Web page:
The second largest Hawaiian island, Maui is a good choice for families seeking activities, cultural opportunities and resort amenities while still experiencing a laid-back tropical getaway. Although the island is large, it doesn’t feel like a big city.  In fact, in addition to the popular tourist areas, there are many small, quaint towns anchored by mom and pop shops and restaurants. With temperatures averaging in the 70s and 80s year-round, any season is ideal for visiting Maui with kids.

If you're dreaming of a Hawaiian vacation - and who isn't? - you can't beat Maui for families. Read our guide to the best lodging, eateries and activities.

Photo Courtesy: Mimi Slawoff, Los Angeles TravelingMom

Family Vacation Guide to Maui

Maui was the first Hawaiian island my kids visited. They loved everything about it, from the beaches and parks to attractions and scenic drives. I’ll never forget the first time we went on an exhilarating snorkeling cruise in the morning, and then drove to the top of the dormant volcano Haleakala for stunning afternoon views of Maui. It was on this island that they learned to surf, stood atop a crater, and ate shave ice for the first time.

On return visits, we’ve explored the island’s lesser known attractions. We’ve driven on quiet roads to lavender and goat farms nestled on the slopes of the dormant volcano Haleakala. There are so many things for families to do on Maui. Or not do. Maui has more than 30 miles of beautiful white, black and red sand beaches perfect for soaking up the aloha spirit.

Sometimes we like staying in fancy resorts with large pools and spa services (sign me up!). Other times we enjoy the convenient amenities of a resort residence. One thing we always do is rent a car in advance from either the Kahului or Kapalua Airport so we can explore Maui at our leisure.

Under the Sea

Snorkeling Excursions

If you're dreaming of a Hawaiian vacation - and who isn't? - you can't beat Maui for families. Read our guide to the best lodging, eateries and activities.

Photo Credit: Mimi Slawoff, Los Angeles TravelingMom

Although there are many places to snorkel on your own (Black Rock in Kaanapali is popular with strong swimmers), there are benefits to exploring the undersea world with a snorkeling outfitter like Four Winds II. First, it can be safer. At Four Winds and other outfitters, staff is Red Cross certified.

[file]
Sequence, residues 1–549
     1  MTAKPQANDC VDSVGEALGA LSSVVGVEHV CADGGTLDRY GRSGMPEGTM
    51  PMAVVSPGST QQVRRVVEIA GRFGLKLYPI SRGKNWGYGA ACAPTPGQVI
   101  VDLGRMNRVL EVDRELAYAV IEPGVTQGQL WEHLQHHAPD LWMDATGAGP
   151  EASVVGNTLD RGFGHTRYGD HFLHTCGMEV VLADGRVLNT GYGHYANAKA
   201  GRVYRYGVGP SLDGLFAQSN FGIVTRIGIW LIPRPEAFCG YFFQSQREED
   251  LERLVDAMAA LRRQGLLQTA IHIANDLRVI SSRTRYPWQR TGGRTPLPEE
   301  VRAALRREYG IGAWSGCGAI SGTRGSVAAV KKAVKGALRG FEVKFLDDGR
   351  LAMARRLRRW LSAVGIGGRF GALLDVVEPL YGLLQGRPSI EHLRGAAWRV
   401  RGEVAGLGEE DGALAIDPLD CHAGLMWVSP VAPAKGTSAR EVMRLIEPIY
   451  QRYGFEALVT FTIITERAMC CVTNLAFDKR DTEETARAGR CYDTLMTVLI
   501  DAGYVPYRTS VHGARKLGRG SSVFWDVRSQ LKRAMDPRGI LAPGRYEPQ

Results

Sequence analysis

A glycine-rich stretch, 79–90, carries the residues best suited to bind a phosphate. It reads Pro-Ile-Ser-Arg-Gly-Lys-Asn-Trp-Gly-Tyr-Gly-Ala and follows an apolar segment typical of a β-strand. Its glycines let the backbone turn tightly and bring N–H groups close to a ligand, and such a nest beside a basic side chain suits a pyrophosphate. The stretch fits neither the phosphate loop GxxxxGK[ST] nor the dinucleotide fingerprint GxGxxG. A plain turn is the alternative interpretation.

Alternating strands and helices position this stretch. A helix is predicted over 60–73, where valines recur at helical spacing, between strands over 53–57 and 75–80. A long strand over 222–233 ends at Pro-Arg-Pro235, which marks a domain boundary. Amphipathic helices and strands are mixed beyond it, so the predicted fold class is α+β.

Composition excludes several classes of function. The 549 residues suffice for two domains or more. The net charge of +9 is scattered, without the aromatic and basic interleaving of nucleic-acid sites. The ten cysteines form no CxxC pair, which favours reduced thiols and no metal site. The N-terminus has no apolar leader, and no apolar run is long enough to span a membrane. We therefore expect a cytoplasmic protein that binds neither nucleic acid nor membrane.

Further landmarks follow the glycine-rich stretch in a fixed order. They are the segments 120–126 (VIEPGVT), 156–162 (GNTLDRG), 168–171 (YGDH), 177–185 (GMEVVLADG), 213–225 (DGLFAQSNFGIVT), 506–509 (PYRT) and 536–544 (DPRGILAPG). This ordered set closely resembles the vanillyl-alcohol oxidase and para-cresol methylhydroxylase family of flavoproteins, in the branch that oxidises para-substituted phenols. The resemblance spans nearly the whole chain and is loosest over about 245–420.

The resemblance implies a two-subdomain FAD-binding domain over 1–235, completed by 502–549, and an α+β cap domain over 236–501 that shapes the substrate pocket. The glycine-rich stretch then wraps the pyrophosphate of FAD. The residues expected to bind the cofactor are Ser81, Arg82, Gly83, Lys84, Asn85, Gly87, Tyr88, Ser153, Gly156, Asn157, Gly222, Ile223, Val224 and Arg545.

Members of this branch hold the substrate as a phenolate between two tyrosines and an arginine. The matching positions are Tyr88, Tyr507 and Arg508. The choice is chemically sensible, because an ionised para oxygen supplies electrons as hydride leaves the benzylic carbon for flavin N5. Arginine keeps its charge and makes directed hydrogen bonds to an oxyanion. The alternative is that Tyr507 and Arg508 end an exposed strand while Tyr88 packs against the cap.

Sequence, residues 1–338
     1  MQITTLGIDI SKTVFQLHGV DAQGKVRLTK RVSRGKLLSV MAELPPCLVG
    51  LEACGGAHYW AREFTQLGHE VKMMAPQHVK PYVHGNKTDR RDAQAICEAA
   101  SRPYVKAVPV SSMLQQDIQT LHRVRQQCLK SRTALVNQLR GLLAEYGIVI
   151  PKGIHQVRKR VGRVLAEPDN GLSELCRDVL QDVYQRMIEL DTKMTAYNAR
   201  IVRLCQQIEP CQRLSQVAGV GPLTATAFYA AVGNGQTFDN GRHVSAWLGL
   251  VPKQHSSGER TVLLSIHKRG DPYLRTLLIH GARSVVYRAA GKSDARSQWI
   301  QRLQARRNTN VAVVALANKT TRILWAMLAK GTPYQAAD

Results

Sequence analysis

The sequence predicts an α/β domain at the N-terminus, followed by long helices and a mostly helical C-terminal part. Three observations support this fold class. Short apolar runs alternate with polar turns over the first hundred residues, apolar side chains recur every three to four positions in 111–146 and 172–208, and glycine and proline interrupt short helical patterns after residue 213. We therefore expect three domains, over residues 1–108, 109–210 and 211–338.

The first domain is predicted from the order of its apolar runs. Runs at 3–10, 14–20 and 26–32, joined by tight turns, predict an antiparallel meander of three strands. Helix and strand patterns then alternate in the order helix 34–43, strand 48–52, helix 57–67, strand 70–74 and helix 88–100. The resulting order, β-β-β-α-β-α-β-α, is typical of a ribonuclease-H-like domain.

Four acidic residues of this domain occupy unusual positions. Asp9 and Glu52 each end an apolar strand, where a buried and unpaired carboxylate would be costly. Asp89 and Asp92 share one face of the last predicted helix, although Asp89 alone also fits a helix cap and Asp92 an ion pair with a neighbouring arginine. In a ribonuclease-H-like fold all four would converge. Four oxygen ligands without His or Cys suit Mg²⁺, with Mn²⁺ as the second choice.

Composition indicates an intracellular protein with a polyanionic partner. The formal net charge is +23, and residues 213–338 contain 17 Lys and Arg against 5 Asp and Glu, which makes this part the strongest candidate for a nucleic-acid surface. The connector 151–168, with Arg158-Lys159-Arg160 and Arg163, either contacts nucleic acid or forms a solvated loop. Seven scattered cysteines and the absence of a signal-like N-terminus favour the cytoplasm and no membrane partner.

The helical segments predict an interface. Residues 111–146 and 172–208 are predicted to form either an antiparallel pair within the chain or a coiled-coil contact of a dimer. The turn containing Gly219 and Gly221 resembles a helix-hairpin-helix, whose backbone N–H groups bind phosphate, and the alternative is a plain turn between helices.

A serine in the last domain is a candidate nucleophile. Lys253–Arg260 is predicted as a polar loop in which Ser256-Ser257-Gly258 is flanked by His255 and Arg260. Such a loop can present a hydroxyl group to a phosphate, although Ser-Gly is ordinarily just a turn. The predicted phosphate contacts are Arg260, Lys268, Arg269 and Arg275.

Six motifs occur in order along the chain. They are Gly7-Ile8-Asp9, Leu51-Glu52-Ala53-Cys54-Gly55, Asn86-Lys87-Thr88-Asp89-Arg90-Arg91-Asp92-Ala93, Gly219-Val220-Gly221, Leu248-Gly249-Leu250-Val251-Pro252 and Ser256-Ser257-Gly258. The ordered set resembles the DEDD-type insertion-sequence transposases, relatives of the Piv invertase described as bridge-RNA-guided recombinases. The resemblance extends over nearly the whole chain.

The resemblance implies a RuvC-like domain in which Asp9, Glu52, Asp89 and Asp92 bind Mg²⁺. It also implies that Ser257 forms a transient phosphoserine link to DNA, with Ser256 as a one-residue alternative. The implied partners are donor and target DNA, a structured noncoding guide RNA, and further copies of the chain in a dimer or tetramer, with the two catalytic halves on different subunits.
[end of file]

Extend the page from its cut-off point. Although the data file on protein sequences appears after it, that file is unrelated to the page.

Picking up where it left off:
But most of all, it’s a lot of fun. On a typical morning tour, you sail to one or two great spots to snorkel with colorful fish and sea turtles at Molokini Crater. The water is so clear and it’s amazing how much you see! The Four Winds II catamaran has a water slide, kid-sized gear, and boogie boards with viewing ports. After snorkeling a BBQ lunch is prepared onboard.

Atlantis Submarines

If snorkeling isn’t your thing or your kids are too young, you can still get a good look at underwater creatures aboard a submarine. The spacious submarine is designed with large portals for viewing a variety of sea life. Fish and other forms of marine life increase as the battery-powered sub descends 100 feet.

Maui Ocean Center

More than 60 indoor and outdoor exhibits showcase sandbar sharks, moon jellies, turtles, tropical fish and other marine animals that live in Hawaii’s waters. At the Open Ocean exhibit, you can walk through a 54-foot-long clear acrylic tunnel that provides a 240-degree view of nearly 2,000 fish. The Tide Pool and Turtle Lagoon exhibits offer close-views of Hawaiian sea life.

Ready to eat? The onsite Seascape Restaurant has a great lunch and dinner menu. Island fish tacos, Kalua pork sandwich and a variety of burgers are among the kid-pleasing options.

Must-See Attractions on Maui

Lahaina Town

If you're dreaming of a Hawaiian vacation - and who isn't? - you can't beat Maui for families. Read our guide to the best lodging, eateries and activities.

Photo Credit: Hawaii Tourism Authority/Tor Johnson

Once a whaling port and plantation settlement, this cozy, coastal town has numerous dining and shopping options. It’s a great place for lunch and a stroll. Pick up a walking map from the Lahaina Visitor Center and take a self-guided tour along the Historic Lahaina Trail, which leads to 62 historic sites. Treat your family to shave ice and sit under the massive Banyan Tree, planted in 1873.

Road to Hana

If you're dreaming of a Hawaiian vacation - and who isn't? - you can't beat Maui for families. Read our guide to the best lodging, eateries and activities.